Tuesday, November 23, 2010

Doing it for myself (9 weeks)

Eslea is 9 weeks old today. I am tired of seeing doctors. I'm tired of all their opinions and prescriptions.
The fact is, most of what has helped buggie is due to the research Jason and I alone have done.

Three weeks ago, Eslea was admitted to the hospital because of poor weight gain and dehydration. Things that could have been prevented if just one of the three doctors that saw her would have made the correct diagnosis.
Eslea is getting better. She is getting stronger and bigger everyday. At her most recent doctor visit she weighed 9lbs 4 oz and is over 22 inches long. She continues to be happy and very active. With the exception of the cardiologist, I am giving Jason and I credit for this improvement.
I have spent hours researching and asking questions so that I can make the best choice possible for Eslea. When we were told to give her formula for half her feedings, we did. When we were told to make sure that formula was more condensed so that it had a higher calorie count, we did. When she started to have very wet stools for days on end and we were told to increase the formula, we did. When we were told to admit her to the hospital, we did.
Yet, now, we question everything. During the hospital visit we were told to stop breastfeeding and go to all formula.  We did not. We were told to continue using the same formula, we did not.
We have made our own path now for Eslea and we are starting to see a difference.
Because of that, my new goal is to share everything I learn with anyone that wants to hear it.
I'm going to use every bit of information I obtain from my graduate degrees along with my quest for the latest research to find the best possible treatments, therapies, prescriptions, doctors, etc for my child. And I don't plan on keeping that news to myself.

Now excuse me while I hop off this soap box I'm on...because...if you didn't notice earlier in the mist of my ranting I posted that ESLEA HAS GAINED WEIGHT! Yes, I'm yelling it! At the top of my lungs and from the roof tops!

The very first "things we love" to be added: 

Wait for it.....

Now, before you start thinking "breast is best" and that I'm being a sell out , let me say one thing....I know! But the fact is, my Eslea does need more calories per ounce than I can humanly produce. So, I do continue to nurse her for half of her feedings. But for the other half, we use Soy Formula. It is working and she is finally gaining weight. After many hours of research and talking to a few experts, I have found that there is a theory that almost all children born with down syndrome are lactose intolerant. Frankly, I believe this theory. Since she has been on Soy Formula, she is less gassy, less crampy and she is gaining weight. So, I stand by our decision to use formula. It is working!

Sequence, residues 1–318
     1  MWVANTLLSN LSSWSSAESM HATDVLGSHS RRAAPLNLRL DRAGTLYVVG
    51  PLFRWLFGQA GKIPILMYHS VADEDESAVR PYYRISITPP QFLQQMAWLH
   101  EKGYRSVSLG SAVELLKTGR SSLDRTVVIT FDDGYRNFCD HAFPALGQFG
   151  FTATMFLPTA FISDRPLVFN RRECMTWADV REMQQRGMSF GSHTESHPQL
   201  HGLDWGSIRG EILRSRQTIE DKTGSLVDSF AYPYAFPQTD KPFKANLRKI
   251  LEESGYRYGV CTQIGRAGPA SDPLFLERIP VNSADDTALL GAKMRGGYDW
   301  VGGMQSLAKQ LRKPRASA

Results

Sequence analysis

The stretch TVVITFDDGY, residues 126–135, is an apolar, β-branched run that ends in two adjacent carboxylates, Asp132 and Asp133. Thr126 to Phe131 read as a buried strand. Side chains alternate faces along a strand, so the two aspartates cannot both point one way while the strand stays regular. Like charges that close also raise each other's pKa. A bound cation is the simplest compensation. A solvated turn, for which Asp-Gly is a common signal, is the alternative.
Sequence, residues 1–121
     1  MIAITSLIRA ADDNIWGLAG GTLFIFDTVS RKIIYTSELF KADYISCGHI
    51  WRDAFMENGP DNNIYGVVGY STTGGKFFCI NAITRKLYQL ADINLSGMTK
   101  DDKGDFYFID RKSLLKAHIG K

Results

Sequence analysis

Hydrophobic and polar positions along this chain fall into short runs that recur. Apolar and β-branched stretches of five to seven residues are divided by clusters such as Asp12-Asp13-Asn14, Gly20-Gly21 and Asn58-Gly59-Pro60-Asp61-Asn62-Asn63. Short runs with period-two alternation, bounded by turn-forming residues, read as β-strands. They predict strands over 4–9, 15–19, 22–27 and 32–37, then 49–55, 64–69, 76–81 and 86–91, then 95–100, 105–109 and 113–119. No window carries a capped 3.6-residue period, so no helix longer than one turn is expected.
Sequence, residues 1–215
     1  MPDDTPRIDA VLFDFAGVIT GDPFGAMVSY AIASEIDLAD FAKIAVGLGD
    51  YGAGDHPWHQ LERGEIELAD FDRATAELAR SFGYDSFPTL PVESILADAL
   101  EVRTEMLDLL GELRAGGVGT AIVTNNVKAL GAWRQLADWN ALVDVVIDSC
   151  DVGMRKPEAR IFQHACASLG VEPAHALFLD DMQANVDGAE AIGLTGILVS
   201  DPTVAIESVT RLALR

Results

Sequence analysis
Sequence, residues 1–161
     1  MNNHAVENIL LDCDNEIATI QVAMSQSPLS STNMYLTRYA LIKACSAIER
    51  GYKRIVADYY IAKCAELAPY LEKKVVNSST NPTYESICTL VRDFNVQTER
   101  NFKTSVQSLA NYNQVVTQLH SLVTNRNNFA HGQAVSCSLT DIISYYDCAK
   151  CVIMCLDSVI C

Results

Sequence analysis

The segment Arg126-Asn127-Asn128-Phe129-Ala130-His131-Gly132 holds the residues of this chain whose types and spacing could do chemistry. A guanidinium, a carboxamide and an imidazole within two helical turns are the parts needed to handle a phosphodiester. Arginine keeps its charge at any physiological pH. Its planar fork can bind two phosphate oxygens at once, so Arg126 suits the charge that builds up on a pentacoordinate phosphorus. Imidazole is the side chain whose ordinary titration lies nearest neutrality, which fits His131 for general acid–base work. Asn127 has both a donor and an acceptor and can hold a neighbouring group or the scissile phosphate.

Today's therapy:
We spent a lot of time outside the house today, so in addition to the activities I do daily....

1)Patterns: Sing Along
This is when I help Eslea recognize patterns through music. Recognizing patterns is essential for brain development in infancy. While in the car today there was one song I played over and over again. Yet, each time it was presented to Eslea differently. One time, the song was played exactly like it is on the DVD. The second time, her older sister sang along with the song (very loudly). The third time we clapped along with the song. The last time we played the song again in it's original form. Eslea was alert the entire time and engaged.

2) Visual and Tactile: Leaves
While at the park today, I made good use of the time Eslea was awake. I found a variety of leaves in various colors and presented them to her one at a time while saying "leaf". I than allowed her to touch the leaves and waited patiently as she attempted to raise her right arm in an attempt to grab the pretty colors.

3) Visual and Auditory: Children Playing
The park is the perfect place to stimulate those little ears of hers. I spent the few minutes of attention I had left with her telling her about her surroundings. Whenever a child came into her viewing range, I would let her know if the person was a boy or girl. If a child yelled or laughed, I would make sure to point out the sound to her and repeat it myself.

Yes, it was a busy day.

(Ummm excuse this picks below. I actually walked out of the house without my Canon. All I had handy at the park today was the camera on my phone. I know, right?)


  1. Moms know best!! Seriously, the number of times I've heard the parents of children with Ds say that they taught the physicians a thing or two is countless. Do you have a geneticist? That's one doctor whose opinion I trust more...the one that generally specializes in genetic issues, like Ds. A very valuable specialist to add to your team (our geneticist and our cardiologist are my two most-relied-upon), if you can find one and get an appointment (don't wait - sometimes you'll have to wait upwards of 6 months for an appointment...).

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  3. Hi! I have been searching for a geneticist fairly close by...if I can find one. The closest is about 3 hrs away in Atlanta. But I'm gonna keep on lookin'. Thanks for the suggestion. My areas are in clinical psychology, cognitive development and child development. I have no clue when it comes to medical or genetic issues. All the suggestions and advice are greatly appreciated. :) Hope you have a great Holiday!
    - erin

  4. We're thinking about trying to find a different pedi for j...for those reasons. I feel like I'm telling her all the things that are wrong with him and she's like, "ohhh, silly. no way." wtf lady, do your job! lol.